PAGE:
I'm sure you've been to semi rollovers where the cab is flatten down to the level of the engine block. Will leave an impression on the crew. You won't find such damage in a custom cab rollover.

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    This would be a inter-departmental issue that necessarily doesn't need to be taken elsewhere. Our dept has a policy sorta like the Vegas slogan, "what happens in Vegas stays in Vegas". What happens at the dept stays at the dept.[/QUOTE]

    you are right it is inter departmental issue ,but i am getting some facts before we decide as a department on which chassis to choose.

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    Quote Originally Posted by htvfd1426 View Post
    This would be a inter-departmental issue that necessarily doesn't need to be taken elsewhere. Our dept has a policy sorta like the Vegas slogan, "what happens in Vegas stays in Vegas". What happens at the dept stays at the dept.
    you are right it is inter departmental issue ,but i am getting some facts before we decide as a department on which chassis to choose.[/QUOTE]

    You can get some good input and feedback on this forum but your truck committee should try to get out and talk to as many manufacturer reps as you can to get the info you need to make an informed decision. You'll get all sorts of opinions on this site but you guys have to sort it all out and get the facts.

  11. #11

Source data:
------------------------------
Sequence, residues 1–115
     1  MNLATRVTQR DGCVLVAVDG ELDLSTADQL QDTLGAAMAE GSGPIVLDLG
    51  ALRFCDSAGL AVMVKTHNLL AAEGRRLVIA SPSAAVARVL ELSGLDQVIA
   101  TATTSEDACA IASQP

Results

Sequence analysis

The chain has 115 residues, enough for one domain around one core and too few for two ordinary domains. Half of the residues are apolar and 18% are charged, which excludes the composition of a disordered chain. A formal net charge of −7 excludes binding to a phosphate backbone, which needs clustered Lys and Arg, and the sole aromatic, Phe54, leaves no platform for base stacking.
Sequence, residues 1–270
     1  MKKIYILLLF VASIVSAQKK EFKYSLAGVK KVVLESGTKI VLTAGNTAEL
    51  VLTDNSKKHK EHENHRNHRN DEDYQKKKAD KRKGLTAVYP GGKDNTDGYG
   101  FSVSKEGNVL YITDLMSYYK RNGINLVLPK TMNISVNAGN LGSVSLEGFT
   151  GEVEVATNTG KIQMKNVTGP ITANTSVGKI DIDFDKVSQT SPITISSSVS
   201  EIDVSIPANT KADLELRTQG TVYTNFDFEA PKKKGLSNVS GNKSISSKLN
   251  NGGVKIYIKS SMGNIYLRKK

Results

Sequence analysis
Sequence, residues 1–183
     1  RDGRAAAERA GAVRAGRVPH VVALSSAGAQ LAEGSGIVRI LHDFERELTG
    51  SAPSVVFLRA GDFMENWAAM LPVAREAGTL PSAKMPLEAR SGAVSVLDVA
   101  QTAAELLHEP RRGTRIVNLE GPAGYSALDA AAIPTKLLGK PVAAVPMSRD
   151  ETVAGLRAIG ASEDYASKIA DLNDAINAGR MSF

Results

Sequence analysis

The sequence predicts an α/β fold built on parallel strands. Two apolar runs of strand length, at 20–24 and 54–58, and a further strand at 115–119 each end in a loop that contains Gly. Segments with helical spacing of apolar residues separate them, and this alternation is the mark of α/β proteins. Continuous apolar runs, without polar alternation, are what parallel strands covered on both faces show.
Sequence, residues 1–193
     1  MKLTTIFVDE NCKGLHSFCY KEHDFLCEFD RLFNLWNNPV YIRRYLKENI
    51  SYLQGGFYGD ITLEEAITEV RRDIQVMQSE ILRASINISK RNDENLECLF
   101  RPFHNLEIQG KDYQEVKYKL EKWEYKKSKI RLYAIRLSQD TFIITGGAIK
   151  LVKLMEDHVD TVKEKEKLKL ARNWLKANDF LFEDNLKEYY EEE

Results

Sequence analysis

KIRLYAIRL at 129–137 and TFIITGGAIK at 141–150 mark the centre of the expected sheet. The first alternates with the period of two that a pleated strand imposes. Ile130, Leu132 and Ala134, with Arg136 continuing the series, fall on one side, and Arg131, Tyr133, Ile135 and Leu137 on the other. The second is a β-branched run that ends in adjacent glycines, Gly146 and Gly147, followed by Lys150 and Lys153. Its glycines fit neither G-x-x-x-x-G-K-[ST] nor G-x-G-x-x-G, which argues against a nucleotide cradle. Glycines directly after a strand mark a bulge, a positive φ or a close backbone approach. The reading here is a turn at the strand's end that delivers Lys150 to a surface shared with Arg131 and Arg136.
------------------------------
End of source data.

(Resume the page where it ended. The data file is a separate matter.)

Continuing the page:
Forum Member HammerheadMedicFF's Avatar
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    FWIW my old department switched from custom to commercial chassis for two new engines. The chief has said he'll never make the same mistake!

  12. #12
    Forum Member islandfire03's Avatar
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    Quote Originally Posted by htvfd1426 View Post
    our fd looked at pumpers today and we looked at both commercial and custom The custom meets our needs better because of the shorter wheel base. The chief is not a fan of customs and now after seeing that the price is comparable to the commercial?
    The Custom chassis will cost between 25 & 40 thousand $, more than a commercial chassis depending on options. That is comparing a 4 seat custom against a 4 seat commercial.
    They are roomier and are designed for fire service duty.

    Example: Spartan furion bottom level custom with 330 hp engine , allison 3000 trans and set up for 38k gvw will run in the neighborhood of 145k. International 4 door with same drive train and gvw with a pretty nice option package will come in at 122k.

    Those prices are from quotes given 2 months ago.

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    Quote Originally Posted by HammerheadMedicFF View Post
    FWIW my old department switched from custom to commercial chassis for two new engines. The chief has said he'll never make the same mistake!
    Hey Hammerhead - I'm originally from Fort Worth. How does the FWFD like the Spartan/General Safety pumpers they've been buying over the past several years compared to the FreightShakers? I think I know the answer but thought I'd ask anyway.

  14. #14
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    Quote Originally Posted by LeadOff View Post
    Check out this article (see the link below) from Mike Wilbur of Emergency Vehicle Response. I have heard Mike and his partner, Tom Shand, speak at the Fire Expo in Baltimore over the past several years on this topic. There is a lot of additional info out there comparing the commercial cab vs a custom cab, both have their advantages and disadvantages, but in the safety area, custom cabs have proven to be better.

    http://www.emergencyvehicleresponse....tory.php?82255
    Ditto on Mike's presentations and thoughts on Customs over commercial. He has tons of pictures to support this as well. In fact if you look at one of the Fire rags (maybe even FH) from the last few months, there is an article on apparatus accidents and it seems that commercial cabs fare far worse in accidents than customs. I'm pretty sure your chief has it bass ackwards.